Evolution and atheism

It is commonly charged by some religious people that acceptance of the theory of evolution by natural selection implies acceptance of atheism. Co-discovered by Charles Darwin and Alfred Wallace and brought to widespread public attention with the publication of Darwin’s The Origin of Species in 1859, this theory immediately gained opposition in Europe, primarily from clergy, with the conflict showcased by the famous debate between Bishop Wilberforce and Thomas Huxley in 1860.
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The coming war with Iran

It should be clear to everyone by now that the Bush administration and the neoconservative clique that is egging him on are pushing for military action against Iran. To my mind, the decision has already been made and what is being sought now are ways to drum up national and international support.

Just as they used the nuclear weapons scare to gin up support for the illegal, immoral and, as it turned out, ill-fated invasion of Iraq, they are returning to that same plan to see if it can work its magic again. Once again, the mainstream media is falling into its role of letting the range of debate be restricted to those narrow areas of strategy chosen by the White House and the members of the pro-war/pro-business party and its think tanks, and not giving wide publicity to the kinds of fundamental questions and information being offered by people like Gordon Prather and Charley Reese.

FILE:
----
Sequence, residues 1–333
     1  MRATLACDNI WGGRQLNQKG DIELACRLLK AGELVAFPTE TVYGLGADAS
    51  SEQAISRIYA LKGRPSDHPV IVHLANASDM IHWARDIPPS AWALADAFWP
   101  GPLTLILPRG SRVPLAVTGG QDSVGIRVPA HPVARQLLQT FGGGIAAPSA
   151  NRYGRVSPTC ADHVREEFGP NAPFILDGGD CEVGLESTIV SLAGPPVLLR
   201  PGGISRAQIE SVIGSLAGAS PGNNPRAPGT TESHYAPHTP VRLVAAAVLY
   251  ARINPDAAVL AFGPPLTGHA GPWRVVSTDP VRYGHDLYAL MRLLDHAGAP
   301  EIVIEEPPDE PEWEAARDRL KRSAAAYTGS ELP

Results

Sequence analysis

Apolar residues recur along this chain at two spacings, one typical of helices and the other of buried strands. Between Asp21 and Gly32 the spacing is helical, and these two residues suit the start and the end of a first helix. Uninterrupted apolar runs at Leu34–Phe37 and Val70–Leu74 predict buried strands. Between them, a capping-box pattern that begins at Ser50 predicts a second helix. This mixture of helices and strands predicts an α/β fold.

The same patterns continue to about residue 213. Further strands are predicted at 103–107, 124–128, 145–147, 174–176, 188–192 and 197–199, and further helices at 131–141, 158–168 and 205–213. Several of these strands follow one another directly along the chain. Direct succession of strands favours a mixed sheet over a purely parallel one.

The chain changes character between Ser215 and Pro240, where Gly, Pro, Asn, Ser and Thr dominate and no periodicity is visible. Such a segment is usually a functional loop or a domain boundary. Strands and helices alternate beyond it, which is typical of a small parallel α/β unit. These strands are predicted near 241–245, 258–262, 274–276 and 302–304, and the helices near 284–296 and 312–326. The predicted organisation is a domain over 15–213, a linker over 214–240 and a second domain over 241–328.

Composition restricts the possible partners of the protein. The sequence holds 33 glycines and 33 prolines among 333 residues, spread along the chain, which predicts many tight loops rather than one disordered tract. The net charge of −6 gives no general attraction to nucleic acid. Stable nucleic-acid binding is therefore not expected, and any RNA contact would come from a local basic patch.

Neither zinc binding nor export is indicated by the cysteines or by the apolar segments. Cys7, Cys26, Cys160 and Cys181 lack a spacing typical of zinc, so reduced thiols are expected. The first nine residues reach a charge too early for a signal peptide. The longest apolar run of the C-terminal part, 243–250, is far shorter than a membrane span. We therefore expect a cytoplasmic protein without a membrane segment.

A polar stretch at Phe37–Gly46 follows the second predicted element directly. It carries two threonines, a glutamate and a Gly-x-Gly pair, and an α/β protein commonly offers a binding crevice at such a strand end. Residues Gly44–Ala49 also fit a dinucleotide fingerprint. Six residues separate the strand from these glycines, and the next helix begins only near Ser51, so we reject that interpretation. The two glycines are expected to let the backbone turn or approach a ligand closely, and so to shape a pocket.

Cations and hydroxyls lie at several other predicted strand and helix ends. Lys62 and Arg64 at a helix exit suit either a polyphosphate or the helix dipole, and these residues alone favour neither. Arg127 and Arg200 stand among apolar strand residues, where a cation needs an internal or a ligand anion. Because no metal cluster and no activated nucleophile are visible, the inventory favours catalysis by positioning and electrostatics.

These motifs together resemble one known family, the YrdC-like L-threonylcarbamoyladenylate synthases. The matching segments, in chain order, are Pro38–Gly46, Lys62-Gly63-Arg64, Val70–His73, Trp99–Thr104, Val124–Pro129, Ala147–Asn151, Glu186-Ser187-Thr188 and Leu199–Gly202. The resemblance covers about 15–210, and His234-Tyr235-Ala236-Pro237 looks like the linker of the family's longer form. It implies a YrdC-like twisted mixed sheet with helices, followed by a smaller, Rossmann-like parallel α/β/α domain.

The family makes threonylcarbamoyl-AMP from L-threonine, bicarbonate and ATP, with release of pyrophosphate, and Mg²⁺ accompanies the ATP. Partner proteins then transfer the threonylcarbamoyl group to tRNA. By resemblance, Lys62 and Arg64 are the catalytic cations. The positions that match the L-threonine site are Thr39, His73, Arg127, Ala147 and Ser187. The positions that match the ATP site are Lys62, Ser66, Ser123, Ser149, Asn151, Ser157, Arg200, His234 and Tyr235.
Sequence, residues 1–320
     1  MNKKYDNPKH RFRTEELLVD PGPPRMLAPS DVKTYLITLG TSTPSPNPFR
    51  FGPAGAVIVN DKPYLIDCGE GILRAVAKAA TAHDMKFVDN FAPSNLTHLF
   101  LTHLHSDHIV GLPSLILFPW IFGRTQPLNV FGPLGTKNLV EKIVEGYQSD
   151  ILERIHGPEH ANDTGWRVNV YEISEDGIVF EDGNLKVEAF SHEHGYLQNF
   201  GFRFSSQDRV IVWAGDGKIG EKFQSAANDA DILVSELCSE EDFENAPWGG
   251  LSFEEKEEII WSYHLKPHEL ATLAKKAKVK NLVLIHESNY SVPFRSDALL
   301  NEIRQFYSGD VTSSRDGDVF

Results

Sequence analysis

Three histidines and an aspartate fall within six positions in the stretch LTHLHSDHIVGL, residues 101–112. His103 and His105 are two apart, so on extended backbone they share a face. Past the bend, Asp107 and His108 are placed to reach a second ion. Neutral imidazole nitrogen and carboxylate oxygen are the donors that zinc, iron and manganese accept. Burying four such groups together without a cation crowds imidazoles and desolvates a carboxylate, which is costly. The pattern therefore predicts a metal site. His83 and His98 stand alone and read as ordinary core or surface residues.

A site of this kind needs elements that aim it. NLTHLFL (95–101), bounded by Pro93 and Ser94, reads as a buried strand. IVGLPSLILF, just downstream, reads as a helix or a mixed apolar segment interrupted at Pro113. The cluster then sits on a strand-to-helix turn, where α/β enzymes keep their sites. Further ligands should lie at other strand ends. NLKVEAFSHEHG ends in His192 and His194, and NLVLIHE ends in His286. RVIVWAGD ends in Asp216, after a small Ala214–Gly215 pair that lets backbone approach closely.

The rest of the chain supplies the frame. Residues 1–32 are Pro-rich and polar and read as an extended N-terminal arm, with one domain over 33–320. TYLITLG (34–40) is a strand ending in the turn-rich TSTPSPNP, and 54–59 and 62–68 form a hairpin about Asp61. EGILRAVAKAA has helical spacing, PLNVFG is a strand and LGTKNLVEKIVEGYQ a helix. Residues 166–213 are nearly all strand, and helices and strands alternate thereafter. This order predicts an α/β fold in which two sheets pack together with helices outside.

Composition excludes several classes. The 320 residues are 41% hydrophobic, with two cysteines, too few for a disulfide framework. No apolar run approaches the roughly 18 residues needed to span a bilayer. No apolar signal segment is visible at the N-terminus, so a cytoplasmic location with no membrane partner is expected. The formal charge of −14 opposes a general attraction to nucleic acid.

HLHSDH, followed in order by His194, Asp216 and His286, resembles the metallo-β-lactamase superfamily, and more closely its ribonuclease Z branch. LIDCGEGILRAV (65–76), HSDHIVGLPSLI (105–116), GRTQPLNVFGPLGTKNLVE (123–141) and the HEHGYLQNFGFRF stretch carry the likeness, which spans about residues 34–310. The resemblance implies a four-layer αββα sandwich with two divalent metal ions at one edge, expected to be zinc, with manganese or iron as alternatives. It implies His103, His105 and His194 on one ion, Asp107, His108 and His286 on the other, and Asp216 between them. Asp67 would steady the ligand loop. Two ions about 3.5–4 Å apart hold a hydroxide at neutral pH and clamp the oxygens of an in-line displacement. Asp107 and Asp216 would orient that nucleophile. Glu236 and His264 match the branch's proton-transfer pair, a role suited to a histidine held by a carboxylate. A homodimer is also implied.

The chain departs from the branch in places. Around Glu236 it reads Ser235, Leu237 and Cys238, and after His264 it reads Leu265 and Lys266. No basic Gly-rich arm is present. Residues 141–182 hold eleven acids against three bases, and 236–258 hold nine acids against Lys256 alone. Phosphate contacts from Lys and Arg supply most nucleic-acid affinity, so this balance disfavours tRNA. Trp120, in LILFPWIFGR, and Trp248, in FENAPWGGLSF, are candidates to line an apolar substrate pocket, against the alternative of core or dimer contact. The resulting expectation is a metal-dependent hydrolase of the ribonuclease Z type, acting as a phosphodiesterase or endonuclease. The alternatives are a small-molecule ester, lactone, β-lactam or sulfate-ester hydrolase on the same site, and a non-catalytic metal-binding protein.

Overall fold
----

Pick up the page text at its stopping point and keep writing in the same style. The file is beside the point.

The task for the Bush White House is harder than it is with Iraq. Despite the repeated claims that Bush is receiving a “bounce” in the polls from the 9/11 anniversary or this or that speech, the fact is that Bush’s approval numbers seem to quickly settle into the range the range between the mid 30’s and the very low 40’s depending on who is doing the polling.

The war in Iraq has dragged on for three and a half years with no end in sight. It has resulted in huge numbers of civilians (estimated in the hundreds of thousands) there being killed either by US military action or as a result of the lawlessness and sectarian strife that is raging. Then there is the steady drip of US troop deaths, averaging around two a day, that now totals over 2,500.